Trading in foreign currencies is an everyday activity for many. Remittances into Nigeria from those working abroad, which increased to USD 5147.40 million in the first quarter of 2022 from USD 5021.57 million in the fourth quarter of 2021, have played a role.

Digital currencies can also provide insurance against exchange rate fluctuations; the value of the Nigerian naira has plummeted almost 30% against the dollar in the past five years.

In February 2021, the government of Nigeria took fright and banned cryptocurrency transactions through licensed banks.

In late July 2021, it announced a pilot scheme for a new central bank-issued digital currency (CBDC), eNaira, hoping to reduce incentives for those wanting to use unregulated crypto. Today, every Nigerian can – and does – exchange eNaira through text messages on mobile phones.

The Central African Republic became, in April 2022, the first country in Africa to welcome a crypto asset to its sovereign ranks by giving Bitcoin legal tender, after El Salvador in South America.

In both cases, Nigeria and CAR, the use of digital currencies might be limited to individuals and corporates already holding either a bank account or a mobile wallet. In Nigeria, the issuance of the eNaira by the CBN – and the potentially associated trust – might be the solution to convince more Nigerians to adopt this digital means of payment. However, it might not solve all difficulties that led Nigerians – and Africans more broadly – to adopt crypto assets for cross-borders transactions or investment purposes. For the CAR case (and in Salvador), considering the particularly low level of bancarisation in the country – including mobile wallets – adopting Bitcoin and permitting its use by the population, with protection against change variations – using Bitcoin for its infrastructure – would only be beneficial if associated with waterproofing it from international markets and high volatility. A kind of white labelling Bitcoin. But just using Bitcoin at it is – and keeping its high potential levels of volatility – would be a major mistake and counter-productive idea, with a confusion between currency as a mean of payment, reserve of value, and an investment asset. Bitcoin remains, until now, the second.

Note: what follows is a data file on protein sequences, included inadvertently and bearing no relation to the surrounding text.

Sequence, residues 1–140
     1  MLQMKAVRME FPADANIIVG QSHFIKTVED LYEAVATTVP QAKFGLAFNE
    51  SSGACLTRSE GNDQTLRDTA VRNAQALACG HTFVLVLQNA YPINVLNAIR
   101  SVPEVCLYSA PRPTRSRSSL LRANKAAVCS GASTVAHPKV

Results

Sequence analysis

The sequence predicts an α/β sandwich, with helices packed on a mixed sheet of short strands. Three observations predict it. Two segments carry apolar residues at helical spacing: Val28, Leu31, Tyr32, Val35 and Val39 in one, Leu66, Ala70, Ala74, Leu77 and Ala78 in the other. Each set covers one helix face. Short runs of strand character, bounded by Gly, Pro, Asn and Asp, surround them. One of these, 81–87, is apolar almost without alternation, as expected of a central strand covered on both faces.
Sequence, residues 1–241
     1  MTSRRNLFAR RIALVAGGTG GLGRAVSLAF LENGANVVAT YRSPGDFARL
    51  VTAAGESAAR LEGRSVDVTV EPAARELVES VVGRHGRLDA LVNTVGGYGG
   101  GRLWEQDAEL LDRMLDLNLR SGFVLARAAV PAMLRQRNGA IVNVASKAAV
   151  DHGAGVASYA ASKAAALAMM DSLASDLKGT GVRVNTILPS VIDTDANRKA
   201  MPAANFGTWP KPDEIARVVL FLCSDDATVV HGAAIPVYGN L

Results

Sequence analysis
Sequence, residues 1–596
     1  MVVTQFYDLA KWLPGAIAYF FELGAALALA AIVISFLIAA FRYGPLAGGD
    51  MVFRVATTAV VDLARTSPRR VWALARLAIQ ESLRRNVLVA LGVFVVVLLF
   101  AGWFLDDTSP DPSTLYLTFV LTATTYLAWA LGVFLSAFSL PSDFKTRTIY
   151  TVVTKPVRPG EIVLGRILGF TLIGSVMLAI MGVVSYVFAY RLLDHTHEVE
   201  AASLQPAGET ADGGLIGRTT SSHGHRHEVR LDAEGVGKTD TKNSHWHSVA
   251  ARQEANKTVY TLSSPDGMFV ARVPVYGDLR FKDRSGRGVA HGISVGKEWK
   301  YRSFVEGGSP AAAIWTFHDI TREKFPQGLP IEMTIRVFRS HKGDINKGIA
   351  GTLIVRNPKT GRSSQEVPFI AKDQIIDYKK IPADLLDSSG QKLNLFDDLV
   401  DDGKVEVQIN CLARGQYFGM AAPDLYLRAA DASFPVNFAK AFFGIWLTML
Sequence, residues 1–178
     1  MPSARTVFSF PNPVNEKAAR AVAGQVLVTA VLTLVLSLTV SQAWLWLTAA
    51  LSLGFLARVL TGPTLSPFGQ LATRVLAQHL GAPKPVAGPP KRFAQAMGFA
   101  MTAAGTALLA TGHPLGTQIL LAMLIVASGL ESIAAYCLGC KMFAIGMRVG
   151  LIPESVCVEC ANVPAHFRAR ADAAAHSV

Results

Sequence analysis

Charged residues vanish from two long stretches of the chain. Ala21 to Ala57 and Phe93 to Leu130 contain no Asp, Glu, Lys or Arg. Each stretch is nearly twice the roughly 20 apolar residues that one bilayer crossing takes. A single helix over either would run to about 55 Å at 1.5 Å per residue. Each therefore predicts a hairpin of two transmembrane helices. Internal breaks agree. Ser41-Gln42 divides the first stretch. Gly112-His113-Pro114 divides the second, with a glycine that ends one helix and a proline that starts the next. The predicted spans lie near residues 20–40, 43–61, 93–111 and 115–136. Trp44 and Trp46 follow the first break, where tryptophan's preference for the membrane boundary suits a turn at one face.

This editorial was initially published in our Crypto Payments and Web 3.0 For Banks, Merchants, and PSPs Report. The first edition of our report aims to provide a go-to payment resource of crypto terms and concepts for those interested to understand the basics of crypto payments and their long-term impact. Furthermore, it shares practical examples of cryptocurrency-enabled ecommerce and banking services and presents the latest developments in the regulatory landscape. Also, it reveals what are the most innovative companies in this space, that are building the crypto rails.


*IMF Global Financial Report, Chapter 1, April 2022 - https://www.imf.org/en/Publications/GFSR/Issues/2022/04/19/global-financial-stability-report-april-2022

About Dr Estelle Brack

Dr Estelle Brack is Founder and Chairwoman of KiraliT, providing advisory and training services in money, banking, and financial services in the EMEA Region. Estelle holds a PhD in Economics & Banking and has a 25 years operational experience in the banking sector – especially in Payments, with a global vision.



About KiraliT

KiraliT is an advisory firm focusing on banking & financial services, including payments and new forms of money. We provide strategic advisory services to institutions established in Europe, Africa, and the Americas, helping them expand their business and building strategies for financial literacy and training.

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Keywords: stablecoin, digital signature, digital assets, cryptocurrency, crypto asset
Categories: DeFi & Crypto & Web3
Companies: KiraliT
Countries: World
This article is part of category

DeFi & Crypto & Web3